Moody's Sees South Africa-SAA Bailout Plan as ‘Moral Hazard’By
Other state companies may also seek financial help: Brixiova
Country is ‘unlikely’ to meet revenue targets this year
South Africa’s potential bailout of the state-owned airline could place pressure on the nation’s finances because other government-run companies that are cash-strapped and mismanaged may come to expect the same, Moody’s Investors Service said.
“It generates moral hazards because then larger state-owned enterprises see it and there perhaps will be the perception that the government will always come and bail out, without reforms,” Zuzana Brixiova, Moody’s senior vice president for sovereign risk and its lead analyst for South Africa, said in an interview in London Wednesday.
Loss-making South African Airways needs a recapitalization of at least 10 billion rand ($738 million) and there are plans to strengthen its board, Finance Minister Malusi Gigaba said last month. In addition, the government needs funds for utility Eskom Holdings SOC Ltd., oil company PetroSA and defense firm Denel SOC Ltd., Bloomberg News reported last week, citing two people familiar with the situation.
Eskom plans to raise almost 340 billion rand in the next five years, while meeting 413 billion rand of interest and debt repayments, which amount to 8 percent of South Africa’s gross domestic product.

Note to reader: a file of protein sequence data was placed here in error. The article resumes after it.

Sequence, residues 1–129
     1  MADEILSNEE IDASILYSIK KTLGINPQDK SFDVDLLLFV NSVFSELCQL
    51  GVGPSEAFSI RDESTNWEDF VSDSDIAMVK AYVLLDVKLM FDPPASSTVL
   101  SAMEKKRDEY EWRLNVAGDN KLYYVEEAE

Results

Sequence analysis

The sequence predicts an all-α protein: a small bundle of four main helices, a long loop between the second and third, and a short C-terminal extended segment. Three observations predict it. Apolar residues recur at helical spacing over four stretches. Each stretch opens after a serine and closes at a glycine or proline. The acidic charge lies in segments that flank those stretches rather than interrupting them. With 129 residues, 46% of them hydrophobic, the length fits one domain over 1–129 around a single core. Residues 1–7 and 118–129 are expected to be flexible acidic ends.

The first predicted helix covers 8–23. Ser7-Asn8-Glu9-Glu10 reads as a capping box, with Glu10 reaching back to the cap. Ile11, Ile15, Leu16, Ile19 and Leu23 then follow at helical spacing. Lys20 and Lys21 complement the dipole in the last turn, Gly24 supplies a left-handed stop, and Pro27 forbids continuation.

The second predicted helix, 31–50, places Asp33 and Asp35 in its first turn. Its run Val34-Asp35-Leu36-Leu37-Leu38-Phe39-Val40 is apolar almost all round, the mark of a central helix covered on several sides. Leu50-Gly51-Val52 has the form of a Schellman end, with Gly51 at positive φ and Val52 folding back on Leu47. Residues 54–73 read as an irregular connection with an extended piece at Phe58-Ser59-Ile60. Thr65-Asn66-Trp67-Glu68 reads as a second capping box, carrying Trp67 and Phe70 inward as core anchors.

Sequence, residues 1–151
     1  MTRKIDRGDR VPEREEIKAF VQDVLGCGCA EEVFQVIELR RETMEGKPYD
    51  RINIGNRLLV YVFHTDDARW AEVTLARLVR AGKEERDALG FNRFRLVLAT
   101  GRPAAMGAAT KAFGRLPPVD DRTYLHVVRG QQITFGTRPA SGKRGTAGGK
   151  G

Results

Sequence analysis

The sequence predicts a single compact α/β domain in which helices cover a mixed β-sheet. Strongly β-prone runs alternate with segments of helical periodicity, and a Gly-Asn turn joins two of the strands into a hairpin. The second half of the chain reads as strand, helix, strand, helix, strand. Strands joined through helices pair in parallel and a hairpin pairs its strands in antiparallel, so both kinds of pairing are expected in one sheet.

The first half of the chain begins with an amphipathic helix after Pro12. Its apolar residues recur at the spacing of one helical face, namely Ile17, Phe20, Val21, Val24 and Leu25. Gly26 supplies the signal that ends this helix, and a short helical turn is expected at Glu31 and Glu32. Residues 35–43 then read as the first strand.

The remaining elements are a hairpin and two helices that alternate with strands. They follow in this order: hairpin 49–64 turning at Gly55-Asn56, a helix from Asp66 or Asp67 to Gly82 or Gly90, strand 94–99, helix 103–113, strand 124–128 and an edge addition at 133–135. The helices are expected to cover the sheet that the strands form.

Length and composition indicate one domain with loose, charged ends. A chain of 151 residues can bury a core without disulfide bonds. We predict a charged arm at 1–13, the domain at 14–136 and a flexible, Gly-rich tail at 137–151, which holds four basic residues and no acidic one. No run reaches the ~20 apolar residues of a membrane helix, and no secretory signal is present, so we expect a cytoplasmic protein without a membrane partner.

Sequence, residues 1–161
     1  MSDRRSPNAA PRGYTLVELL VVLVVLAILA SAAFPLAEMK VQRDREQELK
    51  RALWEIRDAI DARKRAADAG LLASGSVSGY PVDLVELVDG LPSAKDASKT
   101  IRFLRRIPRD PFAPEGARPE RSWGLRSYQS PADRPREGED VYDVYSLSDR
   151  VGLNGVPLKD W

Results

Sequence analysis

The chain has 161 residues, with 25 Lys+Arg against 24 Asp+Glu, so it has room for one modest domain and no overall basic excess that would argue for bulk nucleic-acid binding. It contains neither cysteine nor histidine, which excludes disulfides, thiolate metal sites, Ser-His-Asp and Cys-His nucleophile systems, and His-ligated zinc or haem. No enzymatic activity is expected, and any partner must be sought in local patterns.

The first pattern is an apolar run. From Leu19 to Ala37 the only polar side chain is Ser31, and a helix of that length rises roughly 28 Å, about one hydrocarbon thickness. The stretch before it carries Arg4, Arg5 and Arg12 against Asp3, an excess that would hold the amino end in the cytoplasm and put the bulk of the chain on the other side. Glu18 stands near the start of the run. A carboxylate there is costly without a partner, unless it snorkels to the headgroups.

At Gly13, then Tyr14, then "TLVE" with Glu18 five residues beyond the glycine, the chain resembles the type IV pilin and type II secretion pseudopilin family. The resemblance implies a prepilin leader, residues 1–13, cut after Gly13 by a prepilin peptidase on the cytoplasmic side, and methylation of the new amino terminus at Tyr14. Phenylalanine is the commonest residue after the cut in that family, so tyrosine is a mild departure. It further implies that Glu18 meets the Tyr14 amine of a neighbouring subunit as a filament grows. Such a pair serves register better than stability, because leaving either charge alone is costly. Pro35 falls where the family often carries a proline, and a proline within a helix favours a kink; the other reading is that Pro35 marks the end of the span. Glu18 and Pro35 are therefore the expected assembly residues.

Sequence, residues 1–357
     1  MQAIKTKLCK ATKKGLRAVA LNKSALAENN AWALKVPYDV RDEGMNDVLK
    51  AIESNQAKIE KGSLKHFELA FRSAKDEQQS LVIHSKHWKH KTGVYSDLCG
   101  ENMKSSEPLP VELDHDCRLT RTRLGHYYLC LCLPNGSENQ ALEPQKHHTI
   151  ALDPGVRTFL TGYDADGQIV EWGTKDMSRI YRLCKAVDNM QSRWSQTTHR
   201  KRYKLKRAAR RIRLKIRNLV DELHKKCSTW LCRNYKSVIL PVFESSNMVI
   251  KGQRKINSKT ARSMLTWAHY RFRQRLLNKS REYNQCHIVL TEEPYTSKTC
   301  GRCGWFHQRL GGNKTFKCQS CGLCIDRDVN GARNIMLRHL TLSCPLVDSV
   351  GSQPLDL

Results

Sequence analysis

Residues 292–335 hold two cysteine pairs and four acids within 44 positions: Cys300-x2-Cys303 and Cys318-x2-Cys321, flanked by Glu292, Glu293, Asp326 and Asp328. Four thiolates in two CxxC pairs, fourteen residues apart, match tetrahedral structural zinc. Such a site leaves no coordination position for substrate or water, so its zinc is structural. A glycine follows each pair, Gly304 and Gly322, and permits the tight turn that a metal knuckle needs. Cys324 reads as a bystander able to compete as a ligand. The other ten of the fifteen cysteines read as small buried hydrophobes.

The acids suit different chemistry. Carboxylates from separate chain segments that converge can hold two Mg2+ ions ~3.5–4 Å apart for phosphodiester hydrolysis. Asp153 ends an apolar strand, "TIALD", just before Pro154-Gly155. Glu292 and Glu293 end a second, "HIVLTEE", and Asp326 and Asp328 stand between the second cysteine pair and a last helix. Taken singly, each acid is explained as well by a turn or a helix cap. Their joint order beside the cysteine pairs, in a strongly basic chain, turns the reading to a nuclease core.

The power producer is caught up in allegations of corruption related to contracts it signed with companies linked to the Gupta family, who are friends of President Jacob Zuma. It’s also without a permanent chief executive officer and has suspended its finance director. Zuma and the Guptas deny any wrongdoing.
Moody’s cut the nation’s ratings to the lowest investment grade in June and kept the outlook at negative, citing declining institutional strength, reduced growth prospects and fiscal erosion from rising public debt and liabilities.
It could reduce the assessment further if there are indications that the strength and independence of the country’s institutions have diminished more or if policy becomes more unpredictable, it said at the time.
The economy emerged from a recession in the second quarter, the jobless rate is at a 14-year high and business confidence is at a three-decade low as political uncertainty intensifies in the lead-up to the African National Congress’s elective conference in December. The ANC is in turmoil because of the scandals that have plagued Zuma, 75, during his eight-year tenure.
“The negative outlook means that there is continued pressure and of course this is a political season,” Brixiova said. “That puts additional challenges on the fiscal outlook.”
The Revenue Service told lawmakers this month that tax revenue in the fiscal first quarter that ended June 30 was 13 billion rand behind target. The government will provide more information in October, when Gigaba delivers his first medium-term budget policy statement.
“Given the size of the shortfall, it is unlikely that the revenue targets will be met this year,” Brixiova said.
While gross domestic product expanded in the three months though June, economic growth for the year is projected to be close to last year’s 0.3 percent.
“South Africa now seems to be in a slow growth trap,” Brixiova said.